In a classic case of the law of unintended consequences, Ford says that many shops have also started to give away free paper bags, which create more air and water pollution than plastic bags. (It’s true! See this handy chart from the Washington Post.) Ford believes that China should have legislated biodegradable bags – except, as she point out, they are made from corn.
So are biodegradable bags a solution? The corn starch bags Ford mentions are still under development, and they are based off ethanol biofuel byproducts. Since corn ethanol biofuel has proved to be food-price debacle, this is probably not the solution. Most commercially available biodegradable bags are based off a mixture of corn starch and petroleum-based polyesters. While they do biodegrade (which does solve the problem of cute large animals choking and drains clogging), it means that biodegradable bags are both competing with food supplies and polluting the environment with tiny molecular- and cell-sized bits of polyester. Little bits of plastic can be a huge problem at the base of the food chain, due to accidental ingestion by non-charismatic but ecologically critical animals like insects and earthworms
I still think that plastic bag bans are a move in the right direction, but Ford’s anecdotes about the Chinese ban show that a nuanced approach may be necessary. Should all disposable bags, including paper, be taxed? How can the Chinese government encourage people to reuse bags instead of simply switching types of disposable bag? And what approach might the US (when we finally catch up with Ireland, Bangladesh, and South Africa) take to control the plastic problem?
June 4, 2008
So the trouble with all the news about the North Pacific Trash Gyre — and I do mean all of it — is that it stems from a single source: the Algalita Foundation. Captain Charles Moore and his team have done cruise after cruise, taken all sorts of photographs, and written a lot of reports. They’ve hosted reporters from all over the world, including the Los Angeles Times and Vice Magazine. But they’re still a single organization with limited scientific expertise. So I was pretty pleased to learn back in November that NOAA would be organizing a full-scale research cruise out to the gyre using snazzy new unmanned planes, too. Science AND technology – my favorite!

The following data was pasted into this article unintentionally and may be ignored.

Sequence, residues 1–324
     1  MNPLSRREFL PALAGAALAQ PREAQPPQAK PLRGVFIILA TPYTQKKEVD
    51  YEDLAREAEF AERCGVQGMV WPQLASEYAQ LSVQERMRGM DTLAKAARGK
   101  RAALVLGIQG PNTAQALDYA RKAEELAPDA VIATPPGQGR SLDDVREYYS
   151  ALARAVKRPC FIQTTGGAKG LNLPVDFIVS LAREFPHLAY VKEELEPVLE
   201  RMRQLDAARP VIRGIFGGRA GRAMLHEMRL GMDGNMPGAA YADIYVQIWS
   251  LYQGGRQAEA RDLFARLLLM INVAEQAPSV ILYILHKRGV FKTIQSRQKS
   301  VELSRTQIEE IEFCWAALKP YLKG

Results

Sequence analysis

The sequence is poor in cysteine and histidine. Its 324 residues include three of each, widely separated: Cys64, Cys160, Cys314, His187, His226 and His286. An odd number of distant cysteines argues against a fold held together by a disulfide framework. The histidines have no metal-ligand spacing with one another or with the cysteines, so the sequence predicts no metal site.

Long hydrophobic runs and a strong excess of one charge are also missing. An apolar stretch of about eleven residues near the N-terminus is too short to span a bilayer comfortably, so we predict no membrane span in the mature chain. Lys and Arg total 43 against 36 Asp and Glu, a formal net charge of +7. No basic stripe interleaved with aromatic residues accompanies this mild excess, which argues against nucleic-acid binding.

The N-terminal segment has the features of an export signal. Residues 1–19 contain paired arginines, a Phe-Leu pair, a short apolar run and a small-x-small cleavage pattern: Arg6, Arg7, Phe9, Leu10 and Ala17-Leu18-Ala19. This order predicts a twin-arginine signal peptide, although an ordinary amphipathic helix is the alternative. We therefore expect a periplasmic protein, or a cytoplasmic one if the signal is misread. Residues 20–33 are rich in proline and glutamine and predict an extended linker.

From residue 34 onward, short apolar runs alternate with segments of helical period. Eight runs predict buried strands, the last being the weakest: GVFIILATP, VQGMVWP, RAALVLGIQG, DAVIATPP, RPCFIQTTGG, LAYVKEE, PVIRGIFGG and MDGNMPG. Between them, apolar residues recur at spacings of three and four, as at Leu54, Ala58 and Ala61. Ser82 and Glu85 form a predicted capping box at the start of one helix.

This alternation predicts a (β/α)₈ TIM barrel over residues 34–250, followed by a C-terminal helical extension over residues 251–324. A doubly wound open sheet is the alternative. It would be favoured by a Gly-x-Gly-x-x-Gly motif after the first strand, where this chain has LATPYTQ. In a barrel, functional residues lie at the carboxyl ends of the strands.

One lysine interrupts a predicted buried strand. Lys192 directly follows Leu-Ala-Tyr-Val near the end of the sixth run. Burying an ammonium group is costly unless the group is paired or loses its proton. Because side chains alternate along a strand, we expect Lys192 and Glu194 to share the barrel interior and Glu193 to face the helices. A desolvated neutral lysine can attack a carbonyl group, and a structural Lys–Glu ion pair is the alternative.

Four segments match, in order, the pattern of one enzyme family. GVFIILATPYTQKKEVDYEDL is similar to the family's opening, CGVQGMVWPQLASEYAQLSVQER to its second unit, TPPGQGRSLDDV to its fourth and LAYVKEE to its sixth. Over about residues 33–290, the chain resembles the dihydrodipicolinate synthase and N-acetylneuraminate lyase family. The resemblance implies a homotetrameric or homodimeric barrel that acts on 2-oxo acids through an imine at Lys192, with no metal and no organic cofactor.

Unfortunately, that’s not really what NOAA is doing. I called Holly Bamford, the program director for NOAA’s Marine Debris Program yesterday, just to see how everything was going with preparations (Bamford was quoted in the original San Francisco Chronicle article I read). She said they’re engaged in a two-fold plan, only one part of which has to do with the trash vortex directly. The first part is actually a test of the unmanned planes. In April they conducted a test flight in which the drone launched form a ship and flew 100 feet above the water looking for ghost nets. When it saw a big piece of debris, it took a picture, recorded the location information and transmitted the data back to the ship. But Bamford freely admits this technology won’t do much to add to our knowledge of the gyre because much of the gyre’s plastic debris is pellet-sized or smaller, and it often sits below the surface. And although the ship itself was doing a great deal of additional research, none of it was gyre related.
Bamford told me they’re not planning a cruise to assess the gyre at the moment. What they are doing is co-hosting a conference this fall (no date set) with the University of Washington-Tacoma.
“NOAA is going to host a workshop some time in the fall, bring together the best scientists across the world,” Bamford said. “These are scientists from Japan, Europe, America, and they’ll discuss the occurrence of micro-plastic in the ocean, what are the impacts by uptake of organic pollutants, and other questions. This is a big question, we want to investigate the overall problem. We are doing that.
In the meantime, I also have a call in to the engineer managing the test of the drones. I’ll report back if I learn something interesting.